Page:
MIAMI — All-business class boutique carrier La Compagnie has announced plans to launch its second route from Newark Airport to London Luton Airport, starting on March 29. To celebrate the launch, the airline is offering a discounted fare of $1,007 roundtrip on the route.

As a point of comparison, The Points Guy found that the cheapest economy ticket on a nonstop flight between New York and London in the same timeframe would be $1,132.50 to $1,294.50, depending upon the carrier.  La Compagnie currently operates only one aircraft, a 757-200, with which it serves on the New York to Paris-Charles de Gaulle route, but it has just taken delivery of a second 757.

The cabin inside a La Compagnie Boeing 757. (Credits: La Compagnie)
The cabin inside a La Compagnie Boeing 757. (Credits: La Compagnie)

Both aircraft are outfitted with 74 lie-flat seats in a 2-2 configuration.  Some have complained that the seats are dated and do not have integrated inflight entertainment systems, but with a pricepoint equivalent to an economy flight on a major carrier, it is much easier to overlook the somewhat sub-par seats.  It’s also worth noting that entertainment is available on the tablets provided to each passenger, and the aircraft are equipped with Wi-Fi, which is free for all passengers.

La Compagnie was launched as DreamJet in 2013, but had already changed its name to the current iteration before its first flight, in July 2014.  The all-business concept is certainly not a new one; many remember the numerous failed attempts at similar services of the last decades, including MAXjet, Silverjet, L’Avion, and Eos, all of which fell victim to rising fuel and maintenance costs associated with their older fleets of 757 and 767 aircraft.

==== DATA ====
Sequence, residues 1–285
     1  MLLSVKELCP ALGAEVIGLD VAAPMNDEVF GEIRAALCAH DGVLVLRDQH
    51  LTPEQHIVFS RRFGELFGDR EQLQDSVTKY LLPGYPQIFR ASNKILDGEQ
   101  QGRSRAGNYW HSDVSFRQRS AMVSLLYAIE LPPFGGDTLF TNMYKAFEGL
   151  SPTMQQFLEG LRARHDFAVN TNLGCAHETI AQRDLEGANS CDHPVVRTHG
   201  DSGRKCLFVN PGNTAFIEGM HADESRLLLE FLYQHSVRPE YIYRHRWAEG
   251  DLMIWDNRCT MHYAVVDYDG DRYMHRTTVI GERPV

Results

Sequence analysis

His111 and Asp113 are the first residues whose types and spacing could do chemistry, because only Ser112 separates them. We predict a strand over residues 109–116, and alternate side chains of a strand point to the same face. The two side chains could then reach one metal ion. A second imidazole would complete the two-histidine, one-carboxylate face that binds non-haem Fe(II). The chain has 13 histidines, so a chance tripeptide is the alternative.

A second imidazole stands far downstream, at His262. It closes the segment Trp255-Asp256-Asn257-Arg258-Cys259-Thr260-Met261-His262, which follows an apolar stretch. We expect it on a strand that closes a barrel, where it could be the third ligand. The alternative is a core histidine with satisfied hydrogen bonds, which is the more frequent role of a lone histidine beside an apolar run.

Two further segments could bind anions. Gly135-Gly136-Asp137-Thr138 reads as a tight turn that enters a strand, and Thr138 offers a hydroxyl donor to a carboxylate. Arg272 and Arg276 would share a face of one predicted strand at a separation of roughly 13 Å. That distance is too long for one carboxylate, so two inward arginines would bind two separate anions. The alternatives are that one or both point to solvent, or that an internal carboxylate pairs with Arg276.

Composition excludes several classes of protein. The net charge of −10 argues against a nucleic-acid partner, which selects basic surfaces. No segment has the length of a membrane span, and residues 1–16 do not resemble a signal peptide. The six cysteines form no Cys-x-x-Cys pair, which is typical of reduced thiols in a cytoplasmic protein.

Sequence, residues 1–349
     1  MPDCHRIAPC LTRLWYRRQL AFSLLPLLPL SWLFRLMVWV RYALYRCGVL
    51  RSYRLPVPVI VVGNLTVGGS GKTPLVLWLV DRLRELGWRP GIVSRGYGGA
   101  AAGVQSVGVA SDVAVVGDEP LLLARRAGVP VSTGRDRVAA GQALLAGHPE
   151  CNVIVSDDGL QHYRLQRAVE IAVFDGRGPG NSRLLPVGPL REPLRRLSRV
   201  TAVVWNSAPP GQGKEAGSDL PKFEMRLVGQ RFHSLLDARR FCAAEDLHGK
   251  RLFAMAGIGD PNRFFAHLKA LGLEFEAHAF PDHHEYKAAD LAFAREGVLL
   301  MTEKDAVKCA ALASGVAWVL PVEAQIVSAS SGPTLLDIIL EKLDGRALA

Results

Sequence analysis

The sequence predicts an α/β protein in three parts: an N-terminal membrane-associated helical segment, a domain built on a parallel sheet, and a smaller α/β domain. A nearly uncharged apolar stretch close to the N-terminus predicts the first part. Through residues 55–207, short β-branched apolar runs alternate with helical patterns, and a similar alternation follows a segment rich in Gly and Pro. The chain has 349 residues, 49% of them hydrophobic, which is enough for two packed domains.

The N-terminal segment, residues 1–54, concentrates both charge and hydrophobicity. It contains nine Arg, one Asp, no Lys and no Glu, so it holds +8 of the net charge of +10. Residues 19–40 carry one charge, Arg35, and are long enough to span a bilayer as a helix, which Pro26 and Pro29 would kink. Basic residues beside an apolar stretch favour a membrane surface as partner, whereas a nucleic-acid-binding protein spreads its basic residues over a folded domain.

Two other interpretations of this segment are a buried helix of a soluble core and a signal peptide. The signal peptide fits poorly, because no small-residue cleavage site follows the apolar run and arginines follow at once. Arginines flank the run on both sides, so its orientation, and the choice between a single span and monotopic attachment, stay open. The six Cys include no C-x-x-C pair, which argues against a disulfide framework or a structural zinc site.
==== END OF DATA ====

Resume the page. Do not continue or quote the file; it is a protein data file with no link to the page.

La Compagnie will have to contend with this same issues as it continues to attempt to undercut the high fares of other carriers on these two flagship routes.  If it can succeed, however, it may prove a driving force in the market, especially if it can find a strategic partner to provide feeder traffic into Newark.

Today, the only major efforts at a similar service is operated by British Airways, which offers an all-business service between New York JFK and London City Airport using A318s. Their subsidiary, OpenSkies (into which L’Avion was absorbed), offers flights between JFK and Newark and Paris Orly using 757s, although these aircraft are equipped with three classes of service.

The concept of all-premium travel may be gaining steam once again, though, as Odyssey Airlines gears up to begin operating long haul premium services using a fleet of Bombardier CSeries 100s out of London City Airport to points throughout North America, the Middle East, and beyond, which may bring them into direct competition with BA’s Club World London City service.  The historical odds may be against such ventures, but perhaps enough mistakes have been made that new carriers will be able to circumvent previous pitfalls.

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A rendering of a Bombardier CSeries 100 jet. (Credits: Bombardier)